3. State the desired remediation. The final section of the letter includes what you think should happen next and a specific remedy, if possible. For example: “I’m asking you to stop commenting on my appearance and clothing.”

“The theory behind this is to start neutrally and civilly with the list of the facts: Here are the facts as I see them, here is how I feel about these facts, here is what I’d like to ask,” Rowe said.

After privately discussing the draft with a trusted resource, the writer should consider next steps. They might want to use the facts and the statements of harm and feelings in a formal complaint addressed to the organization rather than to the offender, Rowe said. If you think only an authority can stop someone’s words or behavior, you may indeed want to pursue an official grievance.

“In this case, the organization decides what will happen next,” Rowe said.

Once a formal complaint has been made, it’s out of the hands of the person who filed it, because there are often legally required actions that must be taken and/or additional people who are obligated to get involved. But for those situations in which someone wants a particular behavior to stop and they want to limit those involved, writing a letter can be an effective approach.

Margaret Andrews, SM ’92, the founder of the leadership management organization the MYLO Center, took one of Rowe’s courses during her time at MIT Sloan and was asked to write a letter for class. Andrews said she learned that the beauty of the letter lies in “the process of processing.”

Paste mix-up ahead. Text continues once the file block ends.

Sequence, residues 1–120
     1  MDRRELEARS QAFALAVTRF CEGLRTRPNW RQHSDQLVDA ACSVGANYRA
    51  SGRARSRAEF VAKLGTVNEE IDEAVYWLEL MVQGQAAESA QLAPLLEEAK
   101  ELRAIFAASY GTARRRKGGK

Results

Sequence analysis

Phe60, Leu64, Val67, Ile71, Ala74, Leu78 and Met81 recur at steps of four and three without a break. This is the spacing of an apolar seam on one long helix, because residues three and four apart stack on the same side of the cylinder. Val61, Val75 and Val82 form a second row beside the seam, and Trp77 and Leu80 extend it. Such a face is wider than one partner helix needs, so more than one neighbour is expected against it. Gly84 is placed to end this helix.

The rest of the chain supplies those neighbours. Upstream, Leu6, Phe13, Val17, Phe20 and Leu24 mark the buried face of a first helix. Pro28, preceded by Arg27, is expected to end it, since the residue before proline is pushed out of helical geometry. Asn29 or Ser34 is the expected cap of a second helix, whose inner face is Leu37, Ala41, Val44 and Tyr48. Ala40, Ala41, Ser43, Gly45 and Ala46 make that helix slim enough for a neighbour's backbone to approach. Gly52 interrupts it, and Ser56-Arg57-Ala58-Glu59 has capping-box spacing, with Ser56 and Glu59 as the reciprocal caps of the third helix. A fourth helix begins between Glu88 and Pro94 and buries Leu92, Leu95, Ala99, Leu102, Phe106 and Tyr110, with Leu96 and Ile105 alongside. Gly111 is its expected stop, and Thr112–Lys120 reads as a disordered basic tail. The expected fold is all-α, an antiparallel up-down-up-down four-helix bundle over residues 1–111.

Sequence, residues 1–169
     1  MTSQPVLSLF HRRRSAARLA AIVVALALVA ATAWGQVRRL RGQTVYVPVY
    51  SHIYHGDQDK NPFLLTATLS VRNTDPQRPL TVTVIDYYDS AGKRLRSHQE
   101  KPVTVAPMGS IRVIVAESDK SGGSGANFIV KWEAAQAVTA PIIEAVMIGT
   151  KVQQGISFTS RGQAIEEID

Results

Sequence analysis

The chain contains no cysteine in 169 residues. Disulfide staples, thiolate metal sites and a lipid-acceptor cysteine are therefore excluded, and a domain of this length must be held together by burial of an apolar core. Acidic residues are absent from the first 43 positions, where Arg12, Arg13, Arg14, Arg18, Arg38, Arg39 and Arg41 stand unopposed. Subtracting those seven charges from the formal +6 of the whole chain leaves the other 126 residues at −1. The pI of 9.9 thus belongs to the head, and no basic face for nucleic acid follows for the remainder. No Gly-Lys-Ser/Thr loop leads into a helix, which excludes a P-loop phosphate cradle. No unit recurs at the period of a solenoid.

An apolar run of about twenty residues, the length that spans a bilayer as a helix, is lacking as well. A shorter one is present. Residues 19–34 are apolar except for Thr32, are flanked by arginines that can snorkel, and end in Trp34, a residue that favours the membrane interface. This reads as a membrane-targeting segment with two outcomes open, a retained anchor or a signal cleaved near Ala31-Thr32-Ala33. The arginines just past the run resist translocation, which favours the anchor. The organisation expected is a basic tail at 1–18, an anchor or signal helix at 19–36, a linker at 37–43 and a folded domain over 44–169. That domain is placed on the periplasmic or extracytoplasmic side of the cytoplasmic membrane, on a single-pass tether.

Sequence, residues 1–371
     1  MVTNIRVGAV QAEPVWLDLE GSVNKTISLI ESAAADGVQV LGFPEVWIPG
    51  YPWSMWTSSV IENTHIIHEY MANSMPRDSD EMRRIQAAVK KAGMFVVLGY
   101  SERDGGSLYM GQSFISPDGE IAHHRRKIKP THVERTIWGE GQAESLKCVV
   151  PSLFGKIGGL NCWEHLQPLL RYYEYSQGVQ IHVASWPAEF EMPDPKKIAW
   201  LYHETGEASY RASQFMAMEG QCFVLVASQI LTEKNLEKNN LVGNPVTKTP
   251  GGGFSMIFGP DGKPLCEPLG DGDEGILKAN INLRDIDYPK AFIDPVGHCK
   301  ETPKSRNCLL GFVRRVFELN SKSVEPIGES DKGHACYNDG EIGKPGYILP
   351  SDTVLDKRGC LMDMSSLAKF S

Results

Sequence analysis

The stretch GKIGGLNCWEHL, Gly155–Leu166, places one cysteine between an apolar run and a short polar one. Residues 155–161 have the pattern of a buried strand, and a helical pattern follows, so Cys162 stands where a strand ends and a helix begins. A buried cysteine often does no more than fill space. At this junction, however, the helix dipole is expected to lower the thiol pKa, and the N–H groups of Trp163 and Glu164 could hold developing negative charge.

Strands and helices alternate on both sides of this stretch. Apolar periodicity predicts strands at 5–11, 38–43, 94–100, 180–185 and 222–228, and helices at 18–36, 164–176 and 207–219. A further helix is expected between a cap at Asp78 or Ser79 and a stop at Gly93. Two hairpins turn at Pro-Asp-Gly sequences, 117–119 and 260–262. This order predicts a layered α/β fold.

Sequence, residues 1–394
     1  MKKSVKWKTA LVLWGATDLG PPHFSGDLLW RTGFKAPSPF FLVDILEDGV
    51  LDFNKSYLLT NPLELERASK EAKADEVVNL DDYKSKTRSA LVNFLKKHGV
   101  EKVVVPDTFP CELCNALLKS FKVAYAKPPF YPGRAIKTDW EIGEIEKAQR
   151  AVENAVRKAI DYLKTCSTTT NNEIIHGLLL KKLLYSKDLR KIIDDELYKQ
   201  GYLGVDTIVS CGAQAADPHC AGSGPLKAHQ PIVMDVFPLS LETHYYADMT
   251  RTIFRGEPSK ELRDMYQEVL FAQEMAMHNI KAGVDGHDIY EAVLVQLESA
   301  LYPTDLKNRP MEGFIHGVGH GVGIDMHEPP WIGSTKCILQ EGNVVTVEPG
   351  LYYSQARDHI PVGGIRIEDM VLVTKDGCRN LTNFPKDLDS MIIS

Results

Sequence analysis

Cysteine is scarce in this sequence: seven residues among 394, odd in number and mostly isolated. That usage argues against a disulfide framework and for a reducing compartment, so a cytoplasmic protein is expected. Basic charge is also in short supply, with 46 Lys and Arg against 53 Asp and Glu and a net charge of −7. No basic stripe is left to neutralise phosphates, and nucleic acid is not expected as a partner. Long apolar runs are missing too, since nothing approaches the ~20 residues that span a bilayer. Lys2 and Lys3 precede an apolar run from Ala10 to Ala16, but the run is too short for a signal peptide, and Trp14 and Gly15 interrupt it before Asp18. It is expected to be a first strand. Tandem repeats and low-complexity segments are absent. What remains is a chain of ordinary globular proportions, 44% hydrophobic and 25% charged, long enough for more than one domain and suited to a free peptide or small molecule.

Writing something forces you to find the right words, Andrews said. There’s no dancing around things the way one can when speaking. Finding those right words will likely take several attempts, which in turn helps clarify and specify the problem and potential next steps.

What are some informal options after drafting the letter?

After drafting a letter, the writer may ask for harassment training in their work unit, without specifying an offender or incident. They may ask for reassignment if they feel the situation is hopeless. Or the writer may wish to talk with the offender alone or with a friend, Rowe said.

If the writer decides to take action, sending a letter “works surprisingly frequently to stop abuse, especially if the writer can prove that the letter was received,” Rowe writes. “Sometimes it serves as a platform to help communications between the people involved.”

If not, and the abuse continues, “a copy of the letter can later be used as evidence, to illuminate the nature of the offense and demonstrate that the letter writer has tried to get the behavior to stop,” Rowe writes.

If you do decide to send the letter, ask one or two people you trust, in private, to review it with you, or at least consider asking someone you trust for their perspective on the situation.

“Oftentimes, the person writing the letter can’t see the emotion that’s still in it,” Andrews said. “It helps to have somebody read it for you — somebody who is dispassionate about the situation.”

Read next — Fixing a toxic work culture: Guarding against the ‘dark triad’

For more info Meredith Somers News Writer (617) 715-4216